So, basically I'm looking for a way to get some 3D models and animations for my game.

I know this is kind of vague, but I don't need a precise answer, the details would be like this:

  • The 3D models are for humanoid units, but there could be some alien-ish units too.
  • The level of detail of the units would be similar to Warcraft III ones
  • Amount of units, to begin with, 30-35
  • The units will need to have animations like: walk, attack, block and attack, and maybe some special movement.

That's all.

Now, the question is, how hard/expensive/complicated would be to get those units made by an artist, bought in a website, etc.

I just want to know what to expect.


  • 1
    \$\begingroup\$ It depends (on a number of factors). Everyone sets their prices differently and there isn't really a market standard to go by. \$\endgroup\$ Commented Aug 8, 2011 at 14:36

3 Answers 3


Colleague of mine was looking for a freelance 3d-artists lately, I've got to participate a bit. From what I gathered, there are a lot of nuances strictly defining the final price, but basically, it's all stands on time-per-feature basis. I will briefly describe a process from a layman's point of view, corrections are welcome. Also prices in this post are based on Russian market, I suspect prices in Europe or USA will be lower due to much bigger amount of good artists and resulting competition.

Base model

So lets say you have your concept art and now you need a low poly models based off it with textures and animations. Let's talk about model itself. Most time-consuming part is going to be an optimization of initial high-poly model to make it low-poly while preserving distinct features. (3d-artist will make a high-poly model from you concept art first, even if you need a low-poly), and then a lot of time will be spent by preparing the model for animation by optimizing vertex grid so it won't make weird bumps and spikes when animated. Lastly it's going to be unwrapped for future texturing, and that's it.

If you stop here, you will receive a model ready for texturing and animating. Depending on complexity of the concept and skill of the 3d-artist, this will take 1-4 days of pure work time, and you best be sure to avoid changes like: "I wanted this alien creature to have two legs, but now I changed my mind and it needs a third leg ASAP". Here in Russia an unskilled student can make you this kind of model for $40, and a professional would ask for about $250.


Actual texturing and animating of prepared model is a different story. Price for texturing depends on the concept art. If it's of very high quality, and modeller is strictly required to keep the style of art intact, it's going to be expensive. All in all a professional guy would take another $150 for diffuse, normal and color specular textures. Don't economize here, quality textures can make bad models look good.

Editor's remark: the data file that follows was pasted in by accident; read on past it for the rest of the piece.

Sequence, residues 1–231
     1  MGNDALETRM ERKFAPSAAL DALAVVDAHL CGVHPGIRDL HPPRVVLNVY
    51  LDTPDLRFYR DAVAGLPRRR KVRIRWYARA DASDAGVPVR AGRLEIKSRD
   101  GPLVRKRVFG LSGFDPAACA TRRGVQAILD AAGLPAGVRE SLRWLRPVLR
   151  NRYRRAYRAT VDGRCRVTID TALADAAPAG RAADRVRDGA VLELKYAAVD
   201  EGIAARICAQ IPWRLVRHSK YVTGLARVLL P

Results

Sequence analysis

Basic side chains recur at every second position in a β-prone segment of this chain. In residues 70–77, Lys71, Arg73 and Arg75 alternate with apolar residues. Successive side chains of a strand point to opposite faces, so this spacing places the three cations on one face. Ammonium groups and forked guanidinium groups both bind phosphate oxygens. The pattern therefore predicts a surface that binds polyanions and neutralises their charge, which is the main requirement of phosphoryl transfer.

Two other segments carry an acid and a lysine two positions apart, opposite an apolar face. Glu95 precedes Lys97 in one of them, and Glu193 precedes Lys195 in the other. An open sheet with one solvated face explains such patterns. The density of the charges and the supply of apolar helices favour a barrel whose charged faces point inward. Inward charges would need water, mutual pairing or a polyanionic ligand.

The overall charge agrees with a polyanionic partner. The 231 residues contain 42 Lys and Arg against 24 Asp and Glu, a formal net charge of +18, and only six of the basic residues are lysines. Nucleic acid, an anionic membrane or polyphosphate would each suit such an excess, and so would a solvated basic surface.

So all in all, I would say that a price of a high-quality low-poly model is about $400-500 here. Just an example, see this gal ? She also has two another heads, 4 sets of armor and civilian clothes, it all took about 19 work days and a total cost was $2500.


You may notice that price is climbing high already, and we still have animations to cover. What can I say, it's beyond expensive. Unskilled animator may ask for about $80 per 1 minute of low-poly animation, but it will be crappy as hell. Professional guys will ask for about $50 per second (or ~$20 per second if you're fine with sloppy moments).

Bad animations can kill the game pretty easily, so the usual solution here is for small developers to ask large companies like Akella to use their mo-cap equipment, they're often generous and charge about $330 per 15 minutes of mo-cap.

Sorry for a long post,especially since you need to take it with a grain of salt: actual result is all about diplomacy, bargaining and business approach. Who knows, maybe you will even find a real team member who will do it all for free hoping for a large profit share.

Little footnotes:

  • You don't have a concept art? You're doing it wrong, you need to find a lead artist so your game won't look like a mix of jigsaw puzzles assembled together.
  • Buying models from "art markets" is much cheaper, but often unacceptable due to difference from art direction. If you can use them, do so by all means.
  • If you're making a FPS, scale all prices by a magnitude of 4 :)
  • If you're doing all this steps with a single modeller, then ask for a discount.
  • If you're doing a lot of characters, scale all prices by a magnitude of 0.75 :)
  • \$\begingroup\$ +1 For the footnotes about concept art and art direction ^^ \$\endgroup\$ Commented Aug 9, 2011 at 12:27
  • \$\begingroup\$ @Vigil where is a good place to hire modelers/animators? \$\endgroup\$
    – numan
    Commented Aug 29, 2013 at 17:00

A couple of resources for you to check out...

My experience has been that the quality of models can vary widely, and often the 3D models that are free are often of low quality, or ironically of such a high level of detail that they aren't useable in a game environment (too many polys).


I can't provide a useful answer for how much time or money it would cost to pay a professional to make these models, but I can say that it would be a small fraction of the cost to buy them pre-made on a website like turbosquid. You will almost certainly not get exactly what you want this way, but the time and money investment will be much less. I would suggest you start shopping around for off-the-shelf models to get a feel for whether that will work for you and how much it will cost.

  • \$\begingroup\$ Maybe im wrong but, I dont think that site has model animations, but only static models. \$\endgroup\$
    – Artemix
    Commented Aug 8, 2011 at 15:09
  • \$\begingroup\$ @Artemix some/many of the models are animated \$\endgroup\$ Commented Aug 8, 2011 at 18:11

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